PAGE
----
Today, body and language are prominent themes throughout philosophy. Each is strange enough on its own; this book asks what sense we might make of them together. Words reach out. Hands pick up books; eyes or fingertips scan text. But just where, if at all, do words and bodies touch?
In a trio of paired chapters, each juxtaposing an illustrative story or case study to a theoretical exploration, MacKendrick examines three somatic figures of speech: the touch, the fold, and the cut. In the first pairing, resurrection stories in the Gospel of John are set against a chapter on touch, which draws on the work of Jean-Luc Nancy to argue that touch is, paradoxically, the most lasting of the sensory modes in which the resurrected body is presented.
T. S. Eliot's "Ash Wednesday" is then paired with a Deleuzean meditation on the fold. The final pair of chapters examines the sacred heart, an extraordinarily popular Catholic devotional image with an intriguing set of devotees-medieval mystics, sweet old ladies, and tattooed punks-in light of theoretical work of Foucault on the idea of inscribed bodies, of the cut.
Theologically and philosophically sophisticated, indeed masterly, the book never loses its ground in real, specific bodily experience, performing both at the highest levels of abstraction and at the most quotidian levels of everyday life.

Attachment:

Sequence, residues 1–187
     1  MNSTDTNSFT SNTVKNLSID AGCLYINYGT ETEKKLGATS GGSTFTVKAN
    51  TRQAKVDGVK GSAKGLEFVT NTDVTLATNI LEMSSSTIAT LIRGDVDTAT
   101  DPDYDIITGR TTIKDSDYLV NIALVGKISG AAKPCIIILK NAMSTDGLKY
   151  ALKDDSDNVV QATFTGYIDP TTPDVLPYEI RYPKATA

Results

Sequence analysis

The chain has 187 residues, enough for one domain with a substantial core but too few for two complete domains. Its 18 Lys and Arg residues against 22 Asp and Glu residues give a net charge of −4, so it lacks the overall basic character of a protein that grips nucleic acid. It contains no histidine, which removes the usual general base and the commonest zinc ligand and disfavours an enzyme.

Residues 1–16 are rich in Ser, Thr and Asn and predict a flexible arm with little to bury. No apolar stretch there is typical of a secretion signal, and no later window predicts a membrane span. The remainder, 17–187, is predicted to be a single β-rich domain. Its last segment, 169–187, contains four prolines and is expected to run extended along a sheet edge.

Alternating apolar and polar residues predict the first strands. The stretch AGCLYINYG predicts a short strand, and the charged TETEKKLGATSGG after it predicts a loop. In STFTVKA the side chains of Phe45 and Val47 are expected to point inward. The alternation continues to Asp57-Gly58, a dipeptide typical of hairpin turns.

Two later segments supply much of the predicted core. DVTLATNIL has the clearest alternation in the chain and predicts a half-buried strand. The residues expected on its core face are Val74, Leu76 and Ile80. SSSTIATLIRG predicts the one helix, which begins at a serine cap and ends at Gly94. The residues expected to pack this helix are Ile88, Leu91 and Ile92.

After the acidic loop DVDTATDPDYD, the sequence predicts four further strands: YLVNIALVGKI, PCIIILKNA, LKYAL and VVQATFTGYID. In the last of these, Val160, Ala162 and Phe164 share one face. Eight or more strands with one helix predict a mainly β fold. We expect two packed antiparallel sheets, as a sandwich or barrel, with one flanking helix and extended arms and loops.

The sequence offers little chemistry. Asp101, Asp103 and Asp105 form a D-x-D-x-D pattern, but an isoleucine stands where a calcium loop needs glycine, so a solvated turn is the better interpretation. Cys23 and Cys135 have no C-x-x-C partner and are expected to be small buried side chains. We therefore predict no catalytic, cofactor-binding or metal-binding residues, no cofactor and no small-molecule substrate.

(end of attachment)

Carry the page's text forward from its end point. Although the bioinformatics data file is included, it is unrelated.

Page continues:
MacKendrick’s "Word Made Skin"offers an exciting and innovative philosophy of desire. This deeply engaging work, which reads at moments like a poem, a prayer, or a love letter, performs dazzlingly what it also analyzes incisively--namely, the mutual touching, enfolding, and cutting-across of bodies, of words, and above all of bodies /and/ words
that meet (as they can only meet) at their limits. Richly intertextual philosophical chapters exploring figures of “touch,” “fold,” and “cut” are provocatively interleaved with chapters on the risen Christ of
John’s Gospel, the light-enfolded Marian figure of T.S. Eliot’s poem “Ash Wednesday,” and tattooed images of the “sacred” and “immaculate”
hearts of Christ and Mary. MacKendrick’s philosophy repeatedly touches
upon theology, and her book should be read by theologians as well as
philosophers and others interested in desire, language, embodiment, and
the relation between them.
Drew Theological Seminary
Karmen MacKendrick is one of the most original and most important philosophers and theologians now writing in the English language. *Word Made Skin* brings her thinking to full maturity. It is beautiful and disturbing, complex and clear: a profound exploration of the surface.
Maryland Institute College of Art